The first high chair came about in the U.K in the 17th century. Early high chairs were diverse wooden designs built to last and serve multiple purposes such as transporting a child from room to room (with wheels), assisting a child in eating, and serving as extra storage space (many high chairs had cabinetry below them). These wooden chairs also served as art pieces, worthy of showing off to other families; it was common to see ornate carvings in panels and turned spindles.
By the mid 20th century, a post-war baby boom greatly increased the demand for high chairs. The transition to mass production introduced metal frames, plastic trays, and cute “youthful” designs.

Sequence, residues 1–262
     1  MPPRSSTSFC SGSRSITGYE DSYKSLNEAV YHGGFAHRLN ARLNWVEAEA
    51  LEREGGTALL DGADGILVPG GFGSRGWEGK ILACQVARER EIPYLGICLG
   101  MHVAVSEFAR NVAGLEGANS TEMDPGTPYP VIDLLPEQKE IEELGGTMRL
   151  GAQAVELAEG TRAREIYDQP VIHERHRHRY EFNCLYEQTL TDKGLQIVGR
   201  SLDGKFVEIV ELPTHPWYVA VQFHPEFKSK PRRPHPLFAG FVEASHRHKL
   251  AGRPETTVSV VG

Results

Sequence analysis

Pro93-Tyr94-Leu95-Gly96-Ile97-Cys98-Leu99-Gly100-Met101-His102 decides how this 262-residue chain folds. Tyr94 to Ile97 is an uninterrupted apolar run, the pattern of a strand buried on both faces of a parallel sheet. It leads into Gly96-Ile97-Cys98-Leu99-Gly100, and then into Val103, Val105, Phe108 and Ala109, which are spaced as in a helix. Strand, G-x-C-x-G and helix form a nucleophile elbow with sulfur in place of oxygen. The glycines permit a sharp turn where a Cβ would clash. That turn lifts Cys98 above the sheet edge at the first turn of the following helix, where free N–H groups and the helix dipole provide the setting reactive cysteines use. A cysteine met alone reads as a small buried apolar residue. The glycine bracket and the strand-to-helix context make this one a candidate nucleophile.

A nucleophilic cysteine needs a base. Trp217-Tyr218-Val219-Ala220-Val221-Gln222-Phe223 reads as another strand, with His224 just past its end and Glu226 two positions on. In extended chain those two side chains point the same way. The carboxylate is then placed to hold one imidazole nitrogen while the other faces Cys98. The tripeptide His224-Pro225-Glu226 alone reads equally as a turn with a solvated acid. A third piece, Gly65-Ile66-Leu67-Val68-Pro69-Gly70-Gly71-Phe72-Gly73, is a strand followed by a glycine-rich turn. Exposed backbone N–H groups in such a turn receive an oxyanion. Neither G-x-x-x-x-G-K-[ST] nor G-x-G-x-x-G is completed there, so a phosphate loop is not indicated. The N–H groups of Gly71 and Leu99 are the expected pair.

The wooden high chair makes a comeback around 1920 - 1950. Unlike the first high chairs, styles moved towards toned down, lighter wood finishes like pine and oak, with a simple chair + tray + footrest design.
Scandanavian design infiltrated the market in the 1970s—we began to see minimalist chairs with restraints and adjustable options such as height.
Today, millennial parents are quickly leaning towards sustainable designs, thus the resurgence of the all wood chair. Many current designs focus more on how they fit different lifestyles and stages of life.
While the high chair has evolved, we know this to be true: what’s old always becomes new again. Perhaps we’ll even see the return of retro designs via 3d printer!
While stuck at home, The Bend Team stays creative!
Woman's History Month Highlight, Gabriella Crespi.